Plato's theory of Ideas
Plato moved from the Socratic search of ethical definitions to the theory of Ideas. He contrasted the world of existence with the world of appearance, which is only a manifestation of ideas.
Plato divided the cosmos into two separate regions: the world of being , and the world of becoming . The former he regarded as perfect, unchanging, the essence of what he called Ideas . All those concepts sought by Socrates - justice, virtue, etc - existed in perfection in the world of Ideas. To Plato, the world of Ideas was the real world; the material world, though seeming real to our senses, was only an illusion. Plato used his famous 'Allegory of the Cave' to make the distinction between illusion and reality. (See www link below).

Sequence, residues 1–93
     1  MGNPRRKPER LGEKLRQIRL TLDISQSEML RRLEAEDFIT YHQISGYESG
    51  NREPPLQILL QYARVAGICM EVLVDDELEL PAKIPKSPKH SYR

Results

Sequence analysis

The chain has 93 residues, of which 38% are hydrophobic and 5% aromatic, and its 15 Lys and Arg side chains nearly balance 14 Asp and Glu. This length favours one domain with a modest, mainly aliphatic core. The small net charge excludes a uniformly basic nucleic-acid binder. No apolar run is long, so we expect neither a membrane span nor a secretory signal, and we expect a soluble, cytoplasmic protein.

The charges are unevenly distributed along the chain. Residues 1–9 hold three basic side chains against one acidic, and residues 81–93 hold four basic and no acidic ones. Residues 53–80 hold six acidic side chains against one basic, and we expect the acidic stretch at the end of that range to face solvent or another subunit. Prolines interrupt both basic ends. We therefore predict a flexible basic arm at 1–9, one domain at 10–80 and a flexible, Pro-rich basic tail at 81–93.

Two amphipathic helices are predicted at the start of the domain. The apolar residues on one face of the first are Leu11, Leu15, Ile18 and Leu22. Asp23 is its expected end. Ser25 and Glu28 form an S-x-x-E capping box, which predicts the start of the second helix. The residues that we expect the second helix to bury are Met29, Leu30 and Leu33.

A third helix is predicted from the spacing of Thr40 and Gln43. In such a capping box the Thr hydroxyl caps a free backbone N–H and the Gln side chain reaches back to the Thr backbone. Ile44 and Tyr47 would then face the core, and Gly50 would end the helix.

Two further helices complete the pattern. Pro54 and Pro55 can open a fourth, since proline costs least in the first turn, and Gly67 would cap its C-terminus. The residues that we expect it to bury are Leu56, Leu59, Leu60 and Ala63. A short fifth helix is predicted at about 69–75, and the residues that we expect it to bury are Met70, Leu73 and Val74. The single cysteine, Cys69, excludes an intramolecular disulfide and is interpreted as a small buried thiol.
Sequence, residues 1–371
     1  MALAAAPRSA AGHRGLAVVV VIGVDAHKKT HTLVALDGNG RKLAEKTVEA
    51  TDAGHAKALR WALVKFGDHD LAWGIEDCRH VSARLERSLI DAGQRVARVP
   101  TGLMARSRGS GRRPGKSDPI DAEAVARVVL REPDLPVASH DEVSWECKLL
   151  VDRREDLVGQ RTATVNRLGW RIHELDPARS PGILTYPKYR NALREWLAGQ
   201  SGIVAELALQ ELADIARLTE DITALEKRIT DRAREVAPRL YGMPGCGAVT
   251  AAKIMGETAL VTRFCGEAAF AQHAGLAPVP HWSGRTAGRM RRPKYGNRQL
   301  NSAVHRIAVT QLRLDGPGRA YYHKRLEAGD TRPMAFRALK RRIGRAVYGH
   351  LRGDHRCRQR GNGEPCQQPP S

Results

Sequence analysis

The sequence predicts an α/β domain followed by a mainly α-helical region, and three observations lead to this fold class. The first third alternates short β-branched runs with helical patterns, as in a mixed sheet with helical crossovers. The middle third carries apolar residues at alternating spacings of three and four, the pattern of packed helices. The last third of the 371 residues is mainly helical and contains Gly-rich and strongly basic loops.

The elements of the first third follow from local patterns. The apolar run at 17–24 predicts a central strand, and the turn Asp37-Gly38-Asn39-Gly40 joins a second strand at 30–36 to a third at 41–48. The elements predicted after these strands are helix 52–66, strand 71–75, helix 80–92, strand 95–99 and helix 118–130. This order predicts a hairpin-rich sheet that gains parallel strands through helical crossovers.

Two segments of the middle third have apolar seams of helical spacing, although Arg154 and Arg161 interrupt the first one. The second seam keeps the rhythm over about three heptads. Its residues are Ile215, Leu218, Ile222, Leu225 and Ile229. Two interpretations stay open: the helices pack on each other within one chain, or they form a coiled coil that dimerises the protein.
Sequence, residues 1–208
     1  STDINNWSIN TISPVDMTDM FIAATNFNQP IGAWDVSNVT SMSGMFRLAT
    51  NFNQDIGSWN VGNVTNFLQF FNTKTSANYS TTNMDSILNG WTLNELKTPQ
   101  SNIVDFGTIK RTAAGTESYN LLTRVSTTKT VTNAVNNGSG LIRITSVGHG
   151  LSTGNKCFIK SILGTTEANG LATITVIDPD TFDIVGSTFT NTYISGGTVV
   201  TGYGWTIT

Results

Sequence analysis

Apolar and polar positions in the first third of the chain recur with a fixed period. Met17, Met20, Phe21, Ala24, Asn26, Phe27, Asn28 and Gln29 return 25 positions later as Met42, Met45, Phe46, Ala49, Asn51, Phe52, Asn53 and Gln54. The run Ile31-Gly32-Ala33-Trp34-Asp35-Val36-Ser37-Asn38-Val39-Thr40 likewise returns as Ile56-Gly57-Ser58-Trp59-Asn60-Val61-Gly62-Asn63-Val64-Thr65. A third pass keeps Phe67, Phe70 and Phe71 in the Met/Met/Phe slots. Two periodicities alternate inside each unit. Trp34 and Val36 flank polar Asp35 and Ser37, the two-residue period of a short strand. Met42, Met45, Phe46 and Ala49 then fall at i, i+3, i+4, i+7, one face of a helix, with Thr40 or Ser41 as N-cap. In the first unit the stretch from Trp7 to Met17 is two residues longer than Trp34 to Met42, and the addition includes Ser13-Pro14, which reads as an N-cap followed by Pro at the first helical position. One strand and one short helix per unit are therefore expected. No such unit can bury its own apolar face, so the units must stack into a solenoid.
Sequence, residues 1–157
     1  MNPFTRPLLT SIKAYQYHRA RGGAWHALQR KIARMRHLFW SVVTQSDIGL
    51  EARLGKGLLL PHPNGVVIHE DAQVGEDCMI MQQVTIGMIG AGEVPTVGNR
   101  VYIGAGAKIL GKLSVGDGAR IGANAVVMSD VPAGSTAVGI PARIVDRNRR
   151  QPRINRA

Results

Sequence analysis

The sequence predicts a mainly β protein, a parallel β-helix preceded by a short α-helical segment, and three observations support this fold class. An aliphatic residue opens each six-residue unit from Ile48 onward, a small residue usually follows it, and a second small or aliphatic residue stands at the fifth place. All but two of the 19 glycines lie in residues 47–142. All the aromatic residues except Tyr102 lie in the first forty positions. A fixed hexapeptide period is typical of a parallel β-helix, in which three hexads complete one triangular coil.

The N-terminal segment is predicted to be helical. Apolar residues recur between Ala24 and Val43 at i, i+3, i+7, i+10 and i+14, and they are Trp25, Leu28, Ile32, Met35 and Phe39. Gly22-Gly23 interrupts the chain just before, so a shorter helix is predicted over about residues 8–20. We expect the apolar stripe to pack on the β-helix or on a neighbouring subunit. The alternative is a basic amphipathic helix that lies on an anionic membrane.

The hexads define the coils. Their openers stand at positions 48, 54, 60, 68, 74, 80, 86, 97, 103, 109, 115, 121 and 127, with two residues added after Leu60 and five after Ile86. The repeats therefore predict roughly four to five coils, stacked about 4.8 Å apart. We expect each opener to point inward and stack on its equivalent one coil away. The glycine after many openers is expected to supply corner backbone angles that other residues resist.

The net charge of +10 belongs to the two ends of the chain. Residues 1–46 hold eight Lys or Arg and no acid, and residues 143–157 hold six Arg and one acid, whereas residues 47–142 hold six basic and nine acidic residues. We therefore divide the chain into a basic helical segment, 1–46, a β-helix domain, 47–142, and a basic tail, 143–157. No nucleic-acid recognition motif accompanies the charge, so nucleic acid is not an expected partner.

For example, to tune a muscical instrument, a player adjusts his strings according to arithmetical ratios that define particular notes. These arithmetical relations express harmonic intervals, and never get out of tune. The harmonic relations cannot be heard, but are understood by the mind. In the material world, the strings of the instruments go constantly out of tune. Therefore Plato said that only the universal ratios or ideas of harmony have true being. The senses are unreliable Plato argued and he had faith only in the intellect, which can be trained to lead us to the truth.
The best preparation, Plato thought, was training in mathematics: the geometer considers not the ill-defined drawing, but the perfect, ideal triangle which truly exists in the world of Ideas.
www link :
Allegory of the Cave
from 'The Republic'
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